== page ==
Aging Well January 14 2014
Life can be so serious. When we were younger we were focused on pursuing a career, raising a family, and for many putting their lives at risk serving our nation in Germany, Korea or Vietnam. And now there are doctor visits, all those pills, and children who we once told when they had to go to bed, now trying to telling us what we should and shouldn’t do. (Ironic isn’t it.)
But now that you are retired or maybe still working, but only part time, there is time (maybe too much time?) that you didn’t have before to try something new - that is light and fun and stretches your perception of what you can do.
I don’t mean riding Portland’s MAX in your underwear for No Pants Day. I mean taking the Art of Silliness Drawing Workshop – a creative drawing class led by Debra Jones that involves drawing exercises that makes drawing fun.
As you can imagine, this is not your traditional drawing class. It is based on the work of Carla Sonheim and her “Art of Silliness Drawing Classes”. (www.carlasonheim.com.) As Debra explains, it is all about the creative process being fun. And is perfect for the person who feels they can’t draw or aren’t creative. The workshop will offer you a chance to draw without any expectations, without comparisons, without fear, but with the freedom to follow you own instincts and add a little whimsy in your life.
And there is no limit on class size! The cost is only $2.00 for each session and the sessions will be held at the Center from 1:00 – 2:30 on four consecutive Tuesdays starting February 4th. You will receive a supply list when you sign up at the Center.
So when everything can seem so serious, and when the grey winter skies never seem to lift, why not add a little silliness by signing up for the Art of Silliness Drawing Workshop – and you won’t have to take your pants off!.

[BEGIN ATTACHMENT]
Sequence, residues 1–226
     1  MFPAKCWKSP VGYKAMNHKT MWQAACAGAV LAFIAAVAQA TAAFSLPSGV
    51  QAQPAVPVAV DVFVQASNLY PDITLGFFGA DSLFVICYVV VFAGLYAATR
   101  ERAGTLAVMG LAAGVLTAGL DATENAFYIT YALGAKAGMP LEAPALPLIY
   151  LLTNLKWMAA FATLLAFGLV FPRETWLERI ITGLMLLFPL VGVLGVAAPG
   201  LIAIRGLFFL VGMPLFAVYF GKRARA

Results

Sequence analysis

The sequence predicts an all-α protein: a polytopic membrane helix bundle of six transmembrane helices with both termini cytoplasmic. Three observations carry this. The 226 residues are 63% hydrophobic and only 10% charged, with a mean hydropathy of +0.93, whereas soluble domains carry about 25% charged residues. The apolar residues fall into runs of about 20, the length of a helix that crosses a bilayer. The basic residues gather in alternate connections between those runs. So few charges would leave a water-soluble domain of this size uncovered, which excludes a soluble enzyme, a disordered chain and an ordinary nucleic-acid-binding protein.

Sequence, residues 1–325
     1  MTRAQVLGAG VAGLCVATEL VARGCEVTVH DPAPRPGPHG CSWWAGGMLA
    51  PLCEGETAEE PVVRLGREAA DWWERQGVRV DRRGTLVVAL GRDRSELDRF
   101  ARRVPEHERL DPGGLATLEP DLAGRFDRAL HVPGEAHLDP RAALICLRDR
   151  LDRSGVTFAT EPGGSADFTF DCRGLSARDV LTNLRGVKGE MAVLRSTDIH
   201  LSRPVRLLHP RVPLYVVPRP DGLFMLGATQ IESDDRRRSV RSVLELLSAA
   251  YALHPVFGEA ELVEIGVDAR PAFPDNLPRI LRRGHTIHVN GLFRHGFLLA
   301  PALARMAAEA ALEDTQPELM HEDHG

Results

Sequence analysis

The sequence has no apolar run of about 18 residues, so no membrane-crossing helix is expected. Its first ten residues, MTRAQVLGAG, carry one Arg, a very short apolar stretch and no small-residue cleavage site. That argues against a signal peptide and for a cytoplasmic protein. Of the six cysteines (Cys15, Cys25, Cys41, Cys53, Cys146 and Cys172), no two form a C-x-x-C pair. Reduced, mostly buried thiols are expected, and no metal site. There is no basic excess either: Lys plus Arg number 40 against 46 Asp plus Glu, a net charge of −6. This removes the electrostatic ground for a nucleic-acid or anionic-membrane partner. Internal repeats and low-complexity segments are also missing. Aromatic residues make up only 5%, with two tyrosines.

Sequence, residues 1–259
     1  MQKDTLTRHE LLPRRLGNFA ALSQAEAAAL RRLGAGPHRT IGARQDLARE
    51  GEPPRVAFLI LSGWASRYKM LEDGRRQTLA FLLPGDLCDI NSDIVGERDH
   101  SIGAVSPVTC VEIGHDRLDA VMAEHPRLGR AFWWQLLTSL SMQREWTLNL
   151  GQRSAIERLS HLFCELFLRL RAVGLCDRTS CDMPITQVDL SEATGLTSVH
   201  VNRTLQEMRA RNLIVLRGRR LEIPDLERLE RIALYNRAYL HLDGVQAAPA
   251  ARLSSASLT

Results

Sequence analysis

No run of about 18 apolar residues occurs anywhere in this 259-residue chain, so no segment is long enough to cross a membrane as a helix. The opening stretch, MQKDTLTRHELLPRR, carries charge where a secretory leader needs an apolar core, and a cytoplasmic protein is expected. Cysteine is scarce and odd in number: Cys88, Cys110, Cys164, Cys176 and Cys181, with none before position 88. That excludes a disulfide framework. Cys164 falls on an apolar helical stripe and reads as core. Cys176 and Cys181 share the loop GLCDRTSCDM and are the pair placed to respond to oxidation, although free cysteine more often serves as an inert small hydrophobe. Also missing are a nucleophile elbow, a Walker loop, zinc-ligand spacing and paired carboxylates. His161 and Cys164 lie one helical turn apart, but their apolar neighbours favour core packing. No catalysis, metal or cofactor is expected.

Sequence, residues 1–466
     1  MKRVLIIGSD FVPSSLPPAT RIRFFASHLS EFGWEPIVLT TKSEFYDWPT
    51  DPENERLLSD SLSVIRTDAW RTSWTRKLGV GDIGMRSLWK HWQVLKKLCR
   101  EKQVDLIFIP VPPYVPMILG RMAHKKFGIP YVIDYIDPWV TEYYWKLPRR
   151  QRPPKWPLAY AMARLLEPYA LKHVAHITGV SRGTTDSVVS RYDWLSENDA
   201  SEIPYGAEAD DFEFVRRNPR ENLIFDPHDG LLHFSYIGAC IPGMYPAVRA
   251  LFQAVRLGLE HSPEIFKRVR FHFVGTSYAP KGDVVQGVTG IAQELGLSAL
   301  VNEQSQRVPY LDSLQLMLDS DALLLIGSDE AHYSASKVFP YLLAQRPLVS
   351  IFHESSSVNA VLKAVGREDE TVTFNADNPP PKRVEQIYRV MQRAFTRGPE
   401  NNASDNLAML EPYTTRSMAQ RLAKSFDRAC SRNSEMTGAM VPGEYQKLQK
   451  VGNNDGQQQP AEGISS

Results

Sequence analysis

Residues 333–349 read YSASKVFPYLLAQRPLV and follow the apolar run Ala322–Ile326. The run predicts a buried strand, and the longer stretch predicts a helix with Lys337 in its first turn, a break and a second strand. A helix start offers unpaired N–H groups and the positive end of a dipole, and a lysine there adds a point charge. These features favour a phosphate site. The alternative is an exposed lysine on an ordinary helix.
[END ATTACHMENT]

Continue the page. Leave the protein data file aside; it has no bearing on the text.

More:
At the 11:00 Tuesday Lecture on the 21st, you will experience an example where art, history and technology intersect with a discussion of the online Cultural Institute. Google has partnered with hundreds of museums, cultural institutions, and archives to host the world’s cultural treasures - online and accessible to everyone. And then on the 28th Joyce Powell Morin from MCMC will discuss the “Healing Power of Gratitude and Optimism” which was postponed in December.
Jerry Phillips forwarded me a statement by the European Commission announcing the new official language of the European Union. It was agreed that English would be best, but because English spelling had room for improvement, they negotiated a 5- year phase-in plan to what would become known as "Euro-English". (But don’t believe everything you read!)
So I thought I would write the music announcement incorporating the new spelling - starting with the changes for the first two years: replacing the soft “c” with an “s”, and the hard “c” with a “k”; and replacing the confusing "ph” with "f".
Next Tuesday at the Senter, Truman will be playing his Kountry Gold for your dansing and listening pleasure. The doors open at 6:00, the musik starts at 7:00 and the doors klose at 9:00. Everyone is invited inkluding nieces, nefews, aunts and unkles. And donations are appresiatively aksepted.
Several readers remembered singer, composer and pianist Neil Sedaka and his 1961 hit single Calendar Girl. And as Joann Scott pointed out, a time when you could understand the words, and I might add, were not embarrassed by them. (And the winner of a Saturday Breakfast on March 15th is Marilyn Gladwell.)
Shifting gears once again, this week’s two part “Remember When” question is about fashion. If you asked teenagers today, they probably wouldn’t have a clue, but what was the name of the piece of clothing commonly worn under a woman’s skirt in the 50’s and 60’s? And to be more specific, this article of clothing was used in the title of what television comedy (1963-1970) that took place in the Shady Rest Hotel? E-mail your answer to firstname.lastname@example.org, call 541-296-4788 or send it with a picture of the Hooterville Cannonball.
Well, it has been another week trying to keep the light on without the bulb burning out. Until we meet again, as Hector in his search for Happiness, once said “There’s no point in looking before crossing the road if you don’t look in the right direction.”
“What did you do as a child that made the hours pass like minutes? Here is the key to your earthly pursuits.” — Carl Jung
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